This summer, Ottawa Citizen reporter Tom Spears was sitting by a lake on vacation when he opened a spam email from a publisher. Amused to see the sender was a journal focused on bioethics, he got an idea.
I thought, what if I just throw something outrageous at them?
The situation should sound familiar to readers who follow such “sting” operations: Spears submitted a fake paper to the so-called “predatory” journal, it was accepted one month later with no changes, and published.
But after Spears submitted a comment on the paper saying it was “a steaming pile of dung from start to meaningless finish” (which the journal never posted), wrote an article about it (picked up by other outlets, including The Huffington Post Canada) — surprise, surprise! — the paper was retracted.
Most authors don’t celebrate retractions. But Spears told us he felt “sheer triumph:”
The point of this was to draw attention to what idiots they are. This proves I got their attention.
Here’s the backstory.
The spam email was from the Journal of Clinical Research & Bioethics, published by OMICS International. It inspired Spears to throw together a fake paper that would eventually be titled: “The Voluntary Nature of Ethical-Moral Behaviour in the 21st Century (or in Any Other): A Personal Perspective:”
I was sitting at a summer cottage, looking out at Lake Huron at 6 AM, and I started to type. I stole some Aristotle, changed some words around.
He threw in some “silly Canadian references,” and mentioned Slytherin, one of the houses in the Harry Potter book series.
It wasn’t exactly high-brow work.
After the paper was quickly accepted, the publisher asked him for $949 — he talked them down to $399 (“It was sort of like haggling over used furniture,” he recalled) but ultimately never paid. The article was published anyway.
The project gained more of an urgency once Spears learned OMICS had bought two publishers of Canadian journals, as he reports in the Ottawa Citizen:
OMICS International, based in India, bought Pulsus Group and Andrew John Publishing this year. Both were reputable medical journal publishers, but under OMICS they have been used as fronts for “predatory” publishing. This is the practice of publishing fake or incompetent research for cash, because it makes unqualified authors look legitimate.
Once Spears saw the article was online, he submitted a comment to the journal which read:
I wrote this article and let me assure you it is a steaming pile of dung from start to meaningless finish. Mostly it’s stolen from Aristotle, with words changed to avoid being caught as flagrant plagiarism. Many sentences aren’t even sentences…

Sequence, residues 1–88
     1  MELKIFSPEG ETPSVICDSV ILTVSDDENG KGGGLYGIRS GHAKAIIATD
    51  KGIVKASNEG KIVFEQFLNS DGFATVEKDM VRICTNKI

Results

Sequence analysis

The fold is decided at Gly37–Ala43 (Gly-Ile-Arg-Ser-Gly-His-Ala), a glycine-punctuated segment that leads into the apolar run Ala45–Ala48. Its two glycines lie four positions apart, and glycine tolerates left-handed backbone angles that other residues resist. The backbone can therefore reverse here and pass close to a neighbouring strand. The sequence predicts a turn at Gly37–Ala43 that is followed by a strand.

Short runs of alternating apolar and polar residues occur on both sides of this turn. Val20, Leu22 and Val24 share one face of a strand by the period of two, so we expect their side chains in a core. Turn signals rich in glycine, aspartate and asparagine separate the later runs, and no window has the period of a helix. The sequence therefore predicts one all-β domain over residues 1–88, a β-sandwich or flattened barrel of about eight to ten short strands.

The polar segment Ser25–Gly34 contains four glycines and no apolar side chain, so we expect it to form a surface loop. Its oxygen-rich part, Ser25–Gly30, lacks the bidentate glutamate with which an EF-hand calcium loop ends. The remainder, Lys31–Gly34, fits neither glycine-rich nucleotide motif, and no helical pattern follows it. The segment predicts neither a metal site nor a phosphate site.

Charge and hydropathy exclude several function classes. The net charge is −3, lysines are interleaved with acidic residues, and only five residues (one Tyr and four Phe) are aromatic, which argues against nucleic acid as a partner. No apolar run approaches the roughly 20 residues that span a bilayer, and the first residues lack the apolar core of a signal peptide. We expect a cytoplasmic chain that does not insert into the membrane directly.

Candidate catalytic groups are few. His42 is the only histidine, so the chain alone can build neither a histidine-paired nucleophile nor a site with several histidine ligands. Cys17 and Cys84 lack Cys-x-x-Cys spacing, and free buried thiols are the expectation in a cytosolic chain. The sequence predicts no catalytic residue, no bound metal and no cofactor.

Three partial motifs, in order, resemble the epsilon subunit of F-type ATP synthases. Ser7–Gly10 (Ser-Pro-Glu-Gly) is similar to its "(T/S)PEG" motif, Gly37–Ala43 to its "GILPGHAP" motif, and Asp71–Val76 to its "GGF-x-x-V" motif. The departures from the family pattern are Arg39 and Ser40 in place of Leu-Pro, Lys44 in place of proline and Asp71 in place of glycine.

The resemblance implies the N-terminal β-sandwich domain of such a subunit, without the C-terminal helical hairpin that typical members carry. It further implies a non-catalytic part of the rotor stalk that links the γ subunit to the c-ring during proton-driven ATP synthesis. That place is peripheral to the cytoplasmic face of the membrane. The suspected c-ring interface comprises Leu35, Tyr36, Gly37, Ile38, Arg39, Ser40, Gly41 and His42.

Shame on anyone who thinks this is research. And peer review? Ridiculous.
Although the comment was never posted live on the site, the current issue of the journal includes this retraction notice for the paper:
The article entitled “The Voluntary Nature of Ethical-Moral Behavior in the 21st Century (or in Any Other): A Personal Perspective” has been accepted for publication in the Journal of Clinical Research & Bioethics considering the statements provided in the article as personal opinion of the author which was found not having any conflict or biasness towards anything. As the article was a perspective one, information provided by the author was considered as an opinion to be expressed through publication.
Soon after the publication of the paper, we witnessed some serious concerns and many of them argued that the paper is a personal perspective and had not discussed any relevant ethical issue considered under the journal scope. Moreover, the paper is neither innovative nor thought provoking.
Publisher took decision to make the article online solely based on the reviewers suggestion which considered the article not but a personal opinion of the author. However, it is found that the article has some unavoidable mistakes and issues, therefore, being retracted from the journal.
The retraction notice includes the reviewer’s comments on the manuscript:
The author presents his personal perspective on an old problem that is the independence of moral expression of academics in their professional environment. In my opinion, it is an interesting point of view that is worthy to be published. The manuscript is brief and clearly written with a perfect use of the language. A historical review about the problem and a comparative presentation of the author’s perspective could be added, but the author declares that he is presenting just his personal perspective.
Reading the retraction was gratifying, Spears told us:
I’ve never been kicked out of an academic publication before. I’ve been accepted by a lot of these places, but to be singled out as worthy of an actual notice — that’s pretty cool.
One of the journal’s editors-in-chief, Richard Boudreau, told us he hasn’t been involved with retractions at the journal, and didn’t know anything about this one — indeed, he hadn’t even read the paper:
I’ve never read this paper, I’ve never even heard of it…As the current editor of the journal, I have zero idea what this is about.
OMICS International is on Jeffrey Beall’s list of “potential, possible, or probable” predatory publishers. Earlier this year, the U.S. Federal Trade Commission sued the publisher, alleging it has been deceiving readers about reviewing practices, publication fees, and the nature of its editorial boards.
Like Retraction Watch? Consider making a tax-deductible contribution to support our growth. You can also follow us on Twitter, like us on Facebook, add us to your RSS reader, sign up on our homepage for an email every time there’s a new post, or subscribe to our daily digest. Click here to review our Comments Policy. For a sneak peek at what we’re working on, click here.